Mitchell v. United States
United States Supreme Court
267 U.S. 341 (1925)
Acting under statutory authorization, the United States (defendant) acquired land in Maryland from several landowners, including Mitchell (plaintiff), because it was necessary for military use. Mitchell had used his land to grow a special type of corn, and was unable to find another parcel of land on which to grow that type of corn. The United States paid Mitchell $76,000 for his land, but paid him no compensation for the loss of his business. Mitchell then brought suit for $100,000 in compensation for the loss of his business, claiming that he had a right to such compensation under the statute authorizing the taking and under the Fifth Amendment. The trial court ruled against him, and he appealed.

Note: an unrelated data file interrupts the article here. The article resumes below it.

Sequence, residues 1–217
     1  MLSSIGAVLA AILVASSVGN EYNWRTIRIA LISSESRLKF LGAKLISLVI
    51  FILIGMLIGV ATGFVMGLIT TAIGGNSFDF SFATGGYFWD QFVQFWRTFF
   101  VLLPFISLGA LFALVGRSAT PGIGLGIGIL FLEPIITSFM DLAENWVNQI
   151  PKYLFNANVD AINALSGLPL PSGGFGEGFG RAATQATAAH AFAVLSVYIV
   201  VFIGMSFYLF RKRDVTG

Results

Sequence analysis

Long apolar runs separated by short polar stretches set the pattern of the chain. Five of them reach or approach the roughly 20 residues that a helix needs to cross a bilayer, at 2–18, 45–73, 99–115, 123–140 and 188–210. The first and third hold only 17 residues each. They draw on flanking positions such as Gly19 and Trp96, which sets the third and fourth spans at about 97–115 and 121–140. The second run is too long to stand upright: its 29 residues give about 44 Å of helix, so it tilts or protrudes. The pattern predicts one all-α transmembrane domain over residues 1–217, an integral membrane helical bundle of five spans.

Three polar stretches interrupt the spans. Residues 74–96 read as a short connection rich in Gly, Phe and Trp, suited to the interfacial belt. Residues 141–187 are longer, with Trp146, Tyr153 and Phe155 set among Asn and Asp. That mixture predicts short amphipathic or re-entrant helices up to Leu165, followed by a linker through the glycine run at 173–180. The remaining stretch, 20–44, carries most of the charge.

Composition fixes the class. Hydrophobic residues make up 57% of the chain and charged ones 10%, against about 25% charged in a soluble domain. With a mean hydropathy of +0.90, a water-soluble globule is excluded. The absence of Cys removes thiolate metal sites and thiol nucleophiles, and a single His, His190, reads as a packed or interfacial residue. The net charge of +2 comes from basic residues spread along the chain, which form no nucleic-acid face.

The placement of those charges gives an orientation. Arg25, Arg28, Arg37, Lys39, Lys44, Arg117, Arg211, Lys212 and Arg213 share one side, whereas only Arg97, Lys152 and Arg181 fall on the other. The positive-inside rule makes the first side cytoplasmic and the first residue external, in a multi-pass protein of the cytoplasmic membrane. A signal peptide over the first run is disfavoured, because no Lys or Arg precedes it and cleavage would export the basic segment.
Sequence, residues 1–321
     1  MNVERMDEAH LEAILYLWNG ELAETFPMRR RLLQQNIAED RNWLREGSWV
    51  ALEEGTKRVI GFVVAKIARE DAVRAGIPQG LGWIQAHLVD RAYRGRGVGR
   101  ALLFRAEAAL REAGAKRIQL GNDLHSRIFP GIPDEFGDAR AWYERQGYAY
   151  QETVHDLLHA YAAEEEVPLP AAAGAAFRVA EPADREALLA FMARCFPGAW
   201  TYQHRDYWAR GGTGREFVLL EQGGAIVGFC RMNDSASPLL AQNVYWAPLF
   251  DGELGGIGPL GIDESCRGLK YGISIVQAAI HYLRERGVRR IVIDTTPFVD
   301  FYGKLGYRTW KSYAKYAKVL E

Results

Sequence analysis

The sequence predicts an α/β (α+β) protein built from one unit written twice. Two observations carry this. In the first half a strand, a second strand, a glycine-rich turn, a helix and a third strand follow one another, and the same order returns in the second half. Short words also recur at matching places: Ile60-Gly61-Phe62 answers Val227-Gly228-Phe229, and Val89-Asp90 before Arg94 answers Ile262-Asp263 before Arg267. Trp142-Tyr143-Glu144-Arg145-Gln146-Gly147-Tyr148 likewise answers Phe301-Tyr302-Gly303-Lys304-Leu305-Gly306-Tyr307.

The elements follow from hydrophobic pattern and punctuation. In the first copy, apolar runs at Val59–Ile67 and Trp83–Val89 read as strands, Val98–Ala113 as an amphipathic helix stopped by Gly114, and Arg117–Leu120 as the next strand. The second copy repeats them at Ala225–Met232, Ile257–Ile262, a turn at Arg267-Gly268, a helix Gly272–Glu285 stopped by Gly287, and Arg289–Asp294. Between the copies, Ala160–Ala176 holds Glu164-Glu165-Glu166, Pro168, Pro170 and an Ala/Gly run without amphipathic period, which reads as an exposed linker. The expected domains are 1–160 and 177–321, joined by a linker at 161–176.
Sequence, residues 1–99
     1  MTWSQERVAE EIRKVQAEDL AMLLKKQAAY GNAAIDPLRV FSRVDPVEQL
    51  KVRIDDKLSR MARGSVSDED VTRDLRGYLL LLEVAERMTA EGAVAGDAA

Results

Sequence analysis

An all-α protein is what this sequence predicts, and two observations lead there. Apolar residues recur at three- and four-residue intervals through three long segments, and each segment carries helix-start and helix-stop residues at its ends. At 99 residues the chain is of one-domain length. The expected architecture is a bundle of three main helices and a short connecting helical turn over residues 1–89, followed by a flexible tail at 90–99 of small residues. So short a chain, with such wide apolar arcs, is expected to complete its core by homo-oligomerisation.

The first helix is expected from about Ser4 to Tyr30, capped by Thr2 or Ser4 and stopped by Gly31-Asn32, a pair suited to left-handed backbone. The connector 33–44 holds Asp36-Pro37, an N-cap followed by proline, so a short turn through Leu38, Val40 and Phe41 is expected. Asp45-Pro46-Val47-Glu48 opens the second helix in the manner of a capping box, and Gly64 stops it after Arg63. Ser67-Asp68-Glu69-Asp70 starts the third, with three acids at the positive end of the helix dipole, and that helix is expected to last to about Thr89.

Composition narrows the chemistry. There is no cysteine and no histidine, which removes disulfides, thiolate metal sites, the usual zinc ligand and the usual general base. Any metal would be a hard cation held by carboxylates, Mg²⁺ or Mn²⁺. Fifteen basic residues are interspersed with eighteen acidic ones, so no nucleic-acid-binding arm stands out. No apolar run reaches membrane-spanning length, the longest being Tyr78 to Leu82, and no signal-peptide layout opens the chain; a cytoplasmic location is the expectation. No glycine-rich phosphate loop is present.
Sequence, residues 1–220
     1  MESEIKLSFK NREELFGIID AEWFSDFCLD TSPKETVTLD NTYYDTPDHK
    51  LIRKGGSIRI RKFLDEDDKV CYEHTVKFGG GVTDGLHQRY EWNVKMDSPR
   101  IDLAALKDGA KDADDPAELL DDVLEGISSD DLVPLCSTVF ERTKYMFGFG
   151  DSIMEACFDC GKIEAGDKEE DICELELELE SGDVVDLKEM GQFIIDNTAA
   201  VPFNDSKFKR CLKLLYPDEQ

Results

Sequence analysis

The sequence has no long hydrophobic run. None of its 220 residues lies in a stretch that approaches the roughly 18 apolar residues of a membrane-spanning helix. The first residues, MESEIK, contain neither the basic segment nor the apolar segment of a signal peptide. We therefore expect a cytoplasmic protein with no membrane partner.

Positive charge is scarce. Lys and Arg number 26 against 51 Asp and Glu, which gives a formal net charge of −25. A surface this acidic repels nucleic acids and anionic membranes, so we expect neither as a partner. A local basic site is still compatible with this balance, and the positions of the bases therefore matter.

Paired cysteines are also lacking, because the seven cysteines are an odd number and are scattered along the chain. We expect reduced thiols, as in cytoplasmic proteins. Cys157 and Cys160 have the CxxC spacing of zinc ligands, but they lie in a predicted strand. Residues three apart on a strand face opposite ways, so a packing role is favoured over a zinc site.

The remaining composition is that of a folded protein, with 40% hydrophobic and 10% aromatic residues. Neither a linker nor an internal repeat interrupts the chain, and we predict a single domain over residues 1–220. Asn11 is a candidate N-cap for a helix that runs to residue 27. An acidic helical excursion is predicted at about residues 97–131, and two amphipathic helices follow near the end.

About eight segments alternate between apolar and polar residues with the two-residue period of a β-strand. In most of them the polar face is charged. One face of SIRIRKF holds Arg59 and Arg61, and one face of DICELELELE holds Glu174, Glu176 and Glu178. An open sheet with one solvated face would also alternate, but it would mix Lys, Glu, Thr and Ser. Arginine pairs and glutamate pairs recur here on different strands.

Rule of Law
Holding and Reasoning (Brandeis, J.)
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